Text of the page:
By Alex Perry
While others step back during COVID-19, Bohyne gives back
In more ways than one, the fashion industry has been impacted by COVID-19. Collection cancellations, mass layoffs, and abrupt halts leave many wondering what the industry will look like upon its supposed rebound. Among the hardest hit in the industry are small, ethical brands.
Without trade shows and events, as well as the loss of income and resources, a number of brands remain unsure of their futures. Visibility and impact online hold more weight now than ever; an additional weak spot for small teams and companies.
However, many brands aren’t waiting for the future to take action. They’re making waves in the present by supporting their manufacturers, customers, and their communities in real-time.
At the beginning of April, Bohyne partnered with Perry Rose Media and PR Couture to raise nearly $700 in just two days. With this donation, Bohyne was able to cover the make price and shipping costs for 500 face masks through its fair trade cooperative. These masks will soon arrive in Pennsylvania from Cambodia, where they will be re-sanitized and shipped for donations around Pittsburgh, Ohio, California, New York and more.
Bohyne isn’t the first fashion brand to step out and start making face masks. A collective of designers based in New York City created a Facebook group for citizens to donate supplies, request face masks and come together. Brooklyn-based wedding accessory designer Alyson Melhouse leads the charge by continuing to gather and distribute materials, masks, and resources. Their mission has expanded beyond NYC, mobilizing sewers nationwide.
French luxury brands like Balenciaga, Gucci, and Saint Laurent, as well as fast-fashion brands like H&M and Zara, announced plans to produce face masks at the end of March. It’s not entirely clear yet where, when or how these face masks will become available or distributed.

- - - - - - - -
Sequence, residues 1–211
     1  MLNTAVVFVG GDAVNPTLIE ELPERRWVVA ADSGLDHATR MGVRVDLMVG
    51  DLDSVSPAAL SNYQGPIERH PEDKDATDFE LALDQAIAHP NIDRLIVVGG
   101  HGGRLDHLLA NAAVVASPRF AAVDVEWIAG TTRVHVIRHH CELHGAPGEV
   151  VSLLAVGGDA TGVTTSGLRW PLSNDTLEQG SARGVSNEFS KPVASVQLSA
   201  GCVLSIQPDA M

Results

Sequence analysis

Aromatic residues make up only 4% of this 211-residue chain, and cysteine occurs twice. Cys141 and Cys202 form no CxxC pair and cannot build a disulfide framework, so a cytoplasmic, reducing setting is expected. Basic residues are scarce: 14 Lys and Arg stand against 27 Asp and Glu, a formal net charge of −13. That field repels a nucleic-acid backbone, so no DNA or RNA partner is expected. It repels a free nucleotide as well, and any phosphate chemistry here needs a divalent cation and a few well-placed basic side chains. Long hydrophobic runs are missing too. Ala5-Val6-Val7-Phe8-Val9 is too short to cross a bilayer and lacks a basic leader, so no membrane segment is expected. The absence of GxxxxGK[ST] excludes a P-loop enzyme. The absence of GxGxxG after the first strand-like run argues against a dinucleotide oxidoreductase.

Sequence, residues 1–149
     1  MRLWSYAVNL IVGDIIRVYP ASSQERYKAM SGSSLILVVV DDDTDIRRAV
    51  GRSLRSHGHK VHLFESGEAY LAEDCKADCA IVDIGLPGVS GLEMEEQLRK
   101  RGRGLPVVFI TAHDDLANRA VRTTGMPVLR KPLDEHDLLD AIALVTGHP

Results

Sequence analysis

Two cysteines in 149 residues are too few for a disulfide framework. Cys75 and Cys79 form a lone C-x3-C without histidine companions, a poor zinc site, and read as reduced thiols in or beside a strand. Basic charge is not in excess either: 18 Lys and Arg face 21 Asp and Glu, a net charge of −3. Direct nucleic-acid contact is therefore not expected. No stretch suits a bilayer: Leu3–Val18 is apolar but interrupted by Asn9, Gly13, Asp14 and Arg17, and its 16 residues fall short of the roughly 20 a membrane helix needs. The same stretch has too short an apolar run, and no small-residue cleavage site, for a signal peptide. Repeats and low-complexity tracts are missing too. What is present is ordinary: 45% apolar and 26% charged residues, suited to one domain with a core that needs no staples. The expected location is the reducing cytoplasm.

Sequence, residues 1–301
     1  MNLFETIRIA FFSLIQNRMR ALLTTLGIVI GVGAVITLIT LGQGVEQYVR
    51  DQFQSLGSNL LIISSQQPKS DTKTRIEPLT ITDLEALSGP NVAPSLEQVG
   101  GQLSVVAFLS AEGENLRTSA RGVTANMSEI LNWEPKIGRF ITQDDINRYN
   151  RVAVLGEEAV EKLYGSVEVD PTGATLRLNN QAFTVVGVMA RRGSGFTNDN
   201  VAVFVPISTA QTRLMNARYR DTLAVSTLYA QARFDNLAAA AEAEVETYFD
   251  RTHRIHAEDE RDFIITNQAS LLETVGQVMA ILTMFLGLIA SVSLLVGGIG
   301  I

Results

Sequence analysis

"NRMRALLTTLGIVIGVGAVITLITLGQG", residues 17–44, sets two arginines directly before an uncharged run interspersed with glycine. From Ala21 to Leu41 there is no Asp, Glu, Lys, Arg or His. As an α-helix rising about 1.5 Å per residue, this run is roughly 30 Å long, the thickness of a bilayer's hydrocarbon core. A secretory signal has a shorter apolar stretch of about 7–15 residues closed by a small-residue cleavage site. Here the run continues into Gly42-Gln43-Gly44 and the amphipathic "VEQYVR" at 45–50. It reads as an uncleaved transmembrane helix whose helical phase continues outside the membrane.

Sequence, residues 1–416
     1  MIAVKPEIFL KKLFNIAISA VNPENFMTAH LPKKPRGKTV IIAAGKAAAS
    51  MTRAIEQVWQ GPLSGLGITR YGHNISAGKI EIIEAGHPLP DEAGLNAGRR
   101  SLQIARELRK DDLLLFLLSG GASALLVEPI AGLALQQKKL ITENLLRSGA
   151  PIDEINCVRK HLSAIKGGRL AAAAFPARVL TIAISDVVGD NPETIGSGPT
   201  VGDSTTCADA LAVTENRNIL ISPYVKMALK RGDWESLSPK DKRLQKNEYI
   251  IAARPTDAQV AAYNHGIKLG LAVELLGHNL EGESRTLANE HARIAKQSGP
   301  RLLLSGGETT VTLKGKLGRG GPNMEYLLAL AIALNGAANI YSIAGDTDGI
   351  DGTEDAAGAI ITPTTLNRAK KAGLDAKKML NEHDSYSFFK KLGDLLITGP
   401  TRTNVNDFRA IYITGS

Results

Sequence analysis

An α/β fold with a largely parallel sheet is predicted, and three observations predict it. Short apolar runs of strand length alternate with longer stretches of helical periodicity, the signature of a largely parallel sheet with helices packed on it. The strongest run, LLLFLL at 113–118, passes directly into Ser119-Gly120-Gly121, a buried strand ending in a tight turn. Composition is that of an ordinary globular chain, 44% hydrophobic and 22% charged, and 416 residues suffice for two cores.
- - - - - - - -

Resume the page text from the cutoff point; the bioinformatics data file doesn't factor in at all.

Additionally, some designers and fashion warehouses began ramping up plans to produce tens, if not hundreds of thousands, of face masks to sell online. The cost of these face masks ranges from $10 upwards of $30 (and above.) LA-based fashion designer Michael Costello shared with the LA times funding from the face masks will support his loyal seamstresses.
True to its rebellious nature, Bohyne has approached the production and donation of face masks differently. Rather than going the route of selling face masks, or gathering fabrics and materials from just the public, Bohyne opted for a different strategy.
In Cambodia, Bohyne’s fair trade cooperative patiently awaited an order to come through. A drastic decline in the number of orders they’re fulfilling is felt immediately. Like many other factories and production companies, they’ve invested in material and retention costs to prepare for future production. Such “symptoms” of COVID-19 mean the current financial impact is especially problematic for small businesses. Largely neglected, Cambodia regularly suffers economic hardship and ranks the 8 (of 20) poorest country in Asia.
Through crowd-sourcing via donation, Bohyne has raised nearly $1000 to date. Bohyne continues to accept private donations to support the creation of face masks to be distributed to communities in need at no cost to them. Additionally, Bohyne can liaison wholesale orders for any businesses looking to provide face masks to their essential workforce.
We must remember that we are all in this together. Donate online via Bohyne’s website or get in touch regarding donations and wholesale orders at firstname.lastname@example.org
Alex Perry is a creative-minded story-telling specialist with experience in the newsroom, as well as working direct-to-client. She currently works with bridal, beauty, technology and cannabis brands in her PR agency, Perry Rose Media. She is a mother of two, true-blue Libra and passionate entrepreneur. Typically, you’ll find her behind blue-light blocking glasses sipping CBD-infused chai lattes. Follow Alex on Instagram Read Alex’s articles